The ANC has been under pressure and even its internal focus groups have shown that it needs to step up the pace.
“Our focus groups said people are impatient and want to see service delivery. But they said the ANC is still the one capable of doing that,” said Khoza.
Streamlining of systems
The ruling party has told voters that there is R800-billion in the kitty for infrastructure, most of it for local government. “We want to highlight the importance of the developmental state on local government level,” Khoza said.
The streamlining of systems to put local government in line with national and provincial government now meant a mayor could replace a minister, he said, meaning that competent bureaucrats would not be limited to the provincial and national spheres, where the pay and benefits are better.
Also damaging to the ANC’s election campaign has been the involvement of communities for the first time in selecting candidates which has made high-level intervention or manipulation apparent.
Political parties are unwilling to make public the detail of their tracking polls, perhaps because they see them as providing crucial intelligence on the state of the contest, and there is a surprising dearth of independent polling data available.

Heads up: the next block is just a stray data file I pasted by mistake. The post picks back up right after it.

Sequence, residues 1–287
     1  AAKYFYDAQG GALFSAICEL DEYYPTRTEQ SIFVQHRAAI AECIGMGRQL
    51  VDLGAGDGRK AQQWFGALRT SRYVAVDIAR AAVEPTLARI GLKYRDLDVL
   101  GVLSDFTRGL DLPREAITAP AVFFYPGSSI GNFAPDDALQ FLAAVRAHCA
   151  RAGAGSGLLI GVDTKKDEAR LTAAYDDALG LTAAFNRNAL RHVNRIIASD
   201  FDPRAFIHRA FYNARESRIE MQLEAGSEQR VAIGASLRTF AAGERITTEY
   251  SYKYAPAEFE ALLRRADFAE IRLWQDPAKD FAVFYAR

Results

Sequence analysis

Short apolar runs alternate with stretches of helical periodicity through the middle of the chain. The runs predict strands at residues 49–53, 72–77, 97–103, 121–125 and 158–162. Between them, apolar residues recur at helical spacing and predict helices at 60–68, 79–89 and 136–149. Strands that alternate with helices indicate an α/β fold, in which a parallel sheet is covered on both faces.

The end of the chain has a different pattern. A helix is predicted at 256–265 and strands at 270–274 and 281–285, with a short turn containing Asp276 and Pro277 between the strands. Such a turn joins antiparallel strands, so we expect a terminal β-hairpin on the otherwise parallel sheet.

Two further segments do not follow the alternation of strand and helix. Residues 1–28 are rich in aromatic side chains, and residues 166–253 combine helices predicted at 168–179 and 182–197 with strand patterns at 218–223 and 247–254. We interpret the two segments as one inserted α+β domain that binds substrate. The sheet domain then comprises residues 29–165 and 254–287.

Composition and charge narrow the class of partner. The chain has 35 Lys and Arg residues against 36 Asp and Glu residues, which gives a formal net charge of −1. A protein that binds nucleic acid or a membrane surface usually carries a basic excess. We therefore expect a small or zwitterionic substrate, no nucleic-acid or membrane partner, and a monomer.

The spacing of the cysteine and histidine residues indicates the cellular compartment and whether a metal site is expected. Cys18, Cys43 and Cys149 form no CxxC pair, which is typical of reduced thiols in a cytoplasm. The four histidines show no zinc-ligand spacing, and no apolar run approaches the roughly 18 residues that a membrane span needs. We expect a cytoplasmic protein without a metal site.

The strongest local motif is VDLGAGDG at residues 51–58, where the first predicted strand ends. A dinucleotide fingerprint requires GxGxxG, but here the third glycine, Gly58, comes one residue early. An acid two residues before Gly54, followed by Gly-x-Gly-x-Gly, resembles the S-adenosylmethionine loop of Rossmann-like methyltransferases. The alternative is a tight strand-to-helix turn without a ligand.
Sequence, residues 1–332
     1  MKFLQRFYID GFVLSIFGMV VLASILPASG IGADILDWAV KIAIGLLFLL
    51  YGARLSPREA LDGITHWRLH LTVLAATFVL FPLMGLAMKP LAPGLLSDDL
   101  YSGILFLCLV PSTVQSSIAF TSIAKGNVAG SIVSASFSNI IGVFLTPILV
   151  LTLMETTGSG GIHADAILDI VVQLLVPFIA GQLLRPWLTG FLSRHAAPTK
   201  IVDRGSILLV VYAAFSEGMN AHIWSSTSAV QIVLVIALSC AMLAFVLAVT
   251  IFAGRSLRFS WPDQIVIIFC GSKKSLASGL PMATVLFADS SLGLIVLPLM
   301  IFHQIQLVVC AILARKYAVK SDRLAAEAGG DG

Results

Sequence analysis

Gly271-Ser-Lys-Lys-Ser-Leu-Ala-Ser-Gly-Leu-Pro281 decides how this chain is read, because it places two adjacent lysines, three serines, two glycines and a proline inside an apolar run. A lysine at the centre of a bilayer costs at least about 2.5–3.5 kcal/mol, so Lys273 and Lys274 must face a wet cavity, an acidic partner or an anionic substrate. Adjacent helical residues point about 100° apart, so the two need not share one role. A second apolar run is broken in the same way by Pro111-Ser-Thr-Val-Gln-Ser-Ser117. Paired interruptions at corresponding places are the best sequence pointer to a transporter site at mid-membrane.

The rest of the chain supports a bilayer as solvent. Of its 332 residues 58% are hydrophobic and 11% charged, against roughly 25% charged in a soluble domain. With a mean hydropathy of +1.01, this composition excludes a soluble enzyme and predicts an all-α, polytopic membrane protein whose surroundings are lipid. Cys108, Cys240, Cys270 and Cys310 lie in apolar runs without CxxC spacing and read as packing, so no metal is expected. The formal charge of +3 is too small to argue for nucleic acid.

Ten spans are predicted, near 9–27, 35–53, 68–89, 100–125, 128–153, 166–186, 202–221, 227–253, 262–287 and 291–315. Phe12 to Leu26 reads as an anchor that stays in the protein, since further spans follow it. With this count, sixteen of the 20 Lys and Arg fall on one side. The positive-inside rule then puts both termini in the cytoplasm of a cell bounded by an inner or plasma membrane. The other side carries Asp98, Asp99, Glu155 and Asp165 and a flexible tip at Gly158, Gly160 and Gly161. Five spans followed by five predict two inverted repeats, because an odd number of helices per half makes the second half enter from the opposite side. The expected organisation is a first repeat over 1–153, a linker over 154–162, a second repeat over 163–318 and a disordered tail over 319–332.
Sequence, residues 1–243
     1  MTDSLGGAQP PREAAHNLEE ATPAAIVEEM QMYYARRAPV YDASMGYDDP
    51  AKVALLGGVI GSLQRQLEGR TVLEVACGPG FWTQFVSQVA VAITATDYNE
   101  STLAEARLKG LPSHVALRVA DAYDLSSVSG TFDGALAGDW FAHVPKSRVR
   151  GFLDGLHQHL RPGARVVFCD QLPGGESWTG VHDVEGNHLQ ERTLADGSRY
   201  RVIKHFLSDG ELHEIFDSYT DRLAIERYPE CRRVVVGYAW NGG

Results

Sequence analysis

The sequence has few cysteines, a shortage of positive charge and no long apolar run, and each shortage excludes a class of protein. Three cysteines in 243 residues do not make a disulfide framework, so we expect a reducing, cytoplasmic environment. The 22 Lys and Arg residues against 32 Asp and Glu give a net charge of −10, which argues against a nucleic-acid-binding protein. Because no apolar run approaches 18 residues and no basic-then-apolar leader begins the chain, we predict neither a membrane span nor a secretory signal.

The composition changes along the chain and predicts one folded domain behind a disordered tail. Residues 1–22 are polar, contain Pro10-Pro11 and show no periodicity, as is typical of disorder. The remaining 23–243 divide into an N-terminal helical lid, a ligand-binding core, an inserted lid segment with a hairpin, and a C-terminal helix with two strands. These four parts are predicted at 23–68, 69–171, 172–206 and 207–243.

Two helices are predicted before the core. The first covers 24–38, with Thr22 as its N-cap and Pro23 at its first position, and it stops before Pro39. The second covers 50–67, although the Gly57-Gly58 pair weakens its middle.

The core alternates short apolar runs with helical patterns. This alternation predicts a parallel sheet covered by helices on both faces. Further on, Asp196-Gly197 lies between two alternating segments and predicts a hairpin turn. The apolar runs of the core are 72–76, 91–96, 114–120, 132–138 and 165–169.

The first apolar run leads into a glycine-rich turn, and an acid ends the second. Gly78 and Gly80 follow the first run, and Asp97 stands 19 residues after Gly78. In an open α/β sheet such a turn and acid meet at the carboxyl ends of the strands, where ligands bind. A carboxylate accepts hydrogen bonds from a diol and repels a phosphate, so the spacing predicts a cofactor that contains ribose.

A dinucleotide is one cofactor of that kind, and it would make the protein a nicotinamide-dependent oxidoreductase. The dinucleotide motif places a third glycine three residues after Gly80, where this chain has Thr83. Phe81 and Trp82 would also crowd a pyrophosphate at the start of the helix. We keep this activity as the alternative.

The ANC said it did not depend on polls but had instituted a media monitoring project that would track how the media had portrayed the party. “We will then be able to see whether the criticism we get is justified.”
The big trends in the DA’s own numbers, which the M&G was shown on condition that it did not reveal precise figures, record a step-change in the willingness of black voters to consider the party. How much of this is attributable to growing frustration with the ANC and how much to an election campaign relentlessly focused on the DA’s new identity is impossible to say, but some of the data are suggestive.
In March and early April, when the DA message went largely unanswered by the ANC, black support for the women in blue steadily tracked up to levels approaching 10 times higher than their historical averages.
It fell marginally as the ANC began to get out its own message, including claims that the DA has not jettisoned its racist past and that its new message of delivery and good governance relates only to wealthy areas. Exhibit number one was the Makhaza open toilet saga and an initially tin-eared handling of calls for the removal of Hendrik Verwoerd’s statue in Midvaal.
The ANC has also begun pushing its own delivery record more effectively, reminding voters of housing construction programmes, water connections and infrastructure development. In KwaZulu-Natal the polling data suggest this strategy and divisions in the Inkatha Freedom Party will reap ignificant dividends.
It is clear from the polls, too, that the proportion of undecided and “won’t vote” members of black communities is higher than ever. The final result will be heavily influenced by how the undecideds break (polls suggest most will plump for the ANC) and by turnout, which is historically stronger in traditional DA areas in local elections.
Black support for the DA is highest in Limpopo, Mpumalanga and Gauteng, rather than in the Western Cape. These shifts may not see municipalities changing hands or massive swings in the national voting percentage.
But if the DA polls an average of 10% in black areas, its leaders will view this as a good foundation for the real fight in 2014.